The DLC’s Stolen Thunder

It seems that the once-mighty Democratic Leadership Council is going to close its doors.

Jon Chait says it’s because the group became obsolete:

I always had mixed feelings about the group. I think it was about half innovative effort to counterbalance traditional Democratic interest groups, and half naked effort to suck up to corporate America and/or give contentless messaging cover to red state Democrats.

But for the main part, the DLC disappeared because its work was over. The remaking of the Democratic Party begun by Clinton held in place. The DLC floundered because it had nowhere else to go — having moved the party to the center, it could only advocate for the party is it stood in the Clinton and post-Clinton era, or advocate that it move further still toward the center. It became a an anachronism.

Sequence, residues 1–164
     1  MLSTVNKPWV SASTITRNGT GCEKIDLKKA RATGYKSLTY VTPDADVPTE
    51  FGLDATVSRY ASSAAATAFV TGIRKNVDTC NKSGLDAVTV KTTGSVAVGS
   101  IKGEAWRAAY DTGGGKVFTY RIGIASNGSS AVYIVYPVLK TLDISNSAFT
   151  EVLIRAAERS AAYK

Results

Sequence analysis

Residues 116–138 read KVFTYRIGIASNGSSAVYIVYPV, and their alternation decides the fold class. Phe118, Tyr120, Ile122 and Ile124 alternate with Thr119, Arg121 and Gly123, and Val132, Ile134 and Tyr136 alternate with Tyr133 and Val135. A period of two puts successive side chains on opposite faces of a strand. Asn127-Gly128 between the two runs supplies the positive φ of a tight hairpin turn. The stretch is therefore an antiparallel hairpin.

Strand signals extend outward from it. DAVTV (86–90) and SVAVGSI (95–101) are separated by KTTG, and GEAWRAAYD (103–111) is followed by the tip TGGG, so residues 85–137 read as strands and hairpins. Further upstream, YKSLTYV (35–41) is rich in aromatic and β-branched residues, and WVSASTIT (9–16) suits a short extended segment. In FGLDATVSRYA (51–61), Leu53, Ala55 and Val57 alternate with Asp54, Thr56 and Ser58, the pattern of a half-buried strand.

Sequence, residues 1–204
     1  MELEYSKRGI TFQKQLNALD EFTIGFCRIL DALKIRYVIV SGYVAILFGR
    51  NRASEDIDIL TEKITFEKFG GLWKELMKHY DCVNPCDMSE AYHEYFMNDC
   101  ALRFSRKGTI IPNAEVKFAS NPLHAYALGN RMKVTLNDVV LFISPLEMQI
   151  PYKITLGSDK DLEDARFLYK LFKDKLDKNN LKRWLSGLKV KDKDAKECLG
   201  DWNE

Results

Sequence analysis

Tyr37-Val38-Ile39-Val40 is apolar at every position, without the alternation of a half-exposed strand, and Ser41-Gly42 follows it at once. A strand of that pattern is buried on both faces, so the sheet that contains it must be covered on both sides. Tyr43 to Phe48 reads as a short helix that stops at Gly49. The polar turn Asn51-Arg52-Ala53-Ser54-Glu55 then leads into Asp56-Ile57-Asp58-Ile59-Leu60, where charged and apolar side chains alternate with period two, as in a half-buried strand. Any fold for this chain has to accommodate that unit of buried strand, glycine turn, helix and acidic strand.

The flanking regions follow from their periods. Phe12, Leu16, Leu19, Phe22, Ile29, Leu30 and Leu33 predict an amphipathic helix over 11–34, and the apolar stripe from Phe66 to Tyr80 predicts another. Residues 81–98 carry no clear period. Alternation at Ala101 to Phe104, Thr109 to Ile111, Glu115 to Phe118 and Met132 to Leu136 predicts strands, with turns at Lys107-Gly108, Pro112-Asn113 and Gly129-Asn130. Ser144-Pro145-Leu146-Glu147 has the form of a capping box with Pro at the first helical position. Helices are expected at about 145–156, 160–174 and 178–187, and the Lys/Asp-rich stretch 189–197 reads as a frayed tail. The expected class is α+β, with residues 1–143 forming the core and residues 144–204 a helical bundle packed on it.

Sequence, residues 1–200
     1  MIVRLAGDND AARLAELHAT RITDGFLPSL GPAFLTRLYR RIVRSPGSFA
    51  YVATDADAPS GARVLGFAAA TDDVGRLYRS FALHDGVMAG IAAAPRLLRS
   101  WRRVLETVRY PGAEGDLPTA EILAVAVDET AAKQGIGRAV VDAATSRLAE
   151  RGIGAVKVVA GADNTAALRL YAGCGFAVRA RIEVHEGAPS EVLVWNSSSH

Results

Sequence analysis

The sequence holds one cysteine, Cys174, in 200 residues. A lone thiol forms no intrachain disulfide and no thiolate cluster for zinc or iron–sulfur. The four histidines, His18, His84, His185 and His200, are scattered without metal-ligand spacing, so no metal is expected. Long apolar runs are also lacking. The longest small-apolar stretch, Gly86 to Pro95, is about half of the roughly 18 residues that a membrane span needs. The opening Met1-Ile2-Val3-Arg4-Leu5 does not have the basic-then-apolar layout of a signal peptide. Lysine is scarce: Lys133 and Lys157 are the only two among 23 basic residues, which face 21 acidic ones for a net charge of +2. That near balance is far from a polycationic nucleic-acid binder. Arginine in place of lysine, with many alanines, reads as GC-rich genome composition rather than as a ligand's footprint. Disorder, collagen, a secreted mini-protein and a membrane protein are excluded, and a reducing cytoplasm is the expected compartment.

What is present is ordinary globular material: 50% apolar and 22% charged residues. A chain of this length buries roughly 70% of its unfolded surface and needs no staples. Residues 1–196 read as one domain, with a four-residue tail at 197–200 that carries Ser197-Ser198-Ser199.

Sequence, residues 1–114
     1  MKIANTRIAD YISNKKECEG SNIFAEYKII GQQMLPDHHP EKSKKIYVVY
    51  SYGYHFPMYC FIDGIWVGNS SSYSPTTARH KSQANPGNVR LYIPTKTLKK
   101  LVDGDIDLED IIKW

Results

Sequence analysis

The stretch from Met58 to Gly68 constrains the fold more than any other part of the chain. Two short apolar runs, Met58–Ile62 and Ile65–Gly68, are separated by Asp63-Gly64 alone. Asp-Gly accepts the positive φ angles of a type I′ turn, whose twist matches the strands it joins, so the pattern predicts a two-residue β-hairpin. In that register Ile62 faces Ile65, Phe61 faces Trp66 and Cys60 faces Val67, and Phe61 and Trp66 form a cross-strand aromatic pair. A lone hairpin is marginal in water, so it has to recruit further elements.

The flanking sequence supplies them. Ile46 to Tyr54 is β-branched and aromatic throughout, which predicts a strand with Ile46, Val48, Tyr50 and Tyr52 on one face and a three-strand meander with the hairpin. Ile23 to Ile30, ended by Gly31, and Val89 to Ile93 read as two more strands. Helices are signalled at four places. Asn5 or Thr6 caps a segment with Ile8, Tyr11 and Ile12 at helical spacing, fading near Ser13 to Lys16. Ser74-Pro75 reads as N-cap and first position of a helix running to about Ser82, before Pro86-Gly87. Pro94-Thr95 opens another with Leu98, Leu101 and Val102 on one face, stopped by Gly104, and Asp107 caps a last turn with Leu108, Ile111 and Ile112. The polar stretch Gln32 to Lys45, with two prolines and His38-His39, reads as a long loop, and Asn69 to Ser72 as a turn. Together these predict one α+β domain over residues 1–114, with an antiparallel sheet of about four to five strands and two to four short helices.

There’s something to that, but I think it’s hard to understand the decline of the DLC outside the context of the rise of Third Way during the same period. If it were really true that DLC’s market niche had become anachronistic, it’s hard to see why we’d see a new organization with the same basic political mission and diagnosis become prominent. The key thing, I think, is that Al From’s decision to go all-in on Joe Lieberman and the invasion of Iraq fatally weakened the institution. That didn’t change the fact that there’s a market (both on the donor side and the politician side) for economic policy ideas that are to the right of CAP’s but to the left of Paul Ryan. The energetic entrepreneurs behind Americans for Gun Safety were able to seize this opportunity and build a more ambitious organization whose growth further ate away at the DLC’s foundations.

Meanwhile, I think it remains an open question who’ll be out there to take on some of the less overtly political elements of the DLC’s mission like complaining about shoe taxes.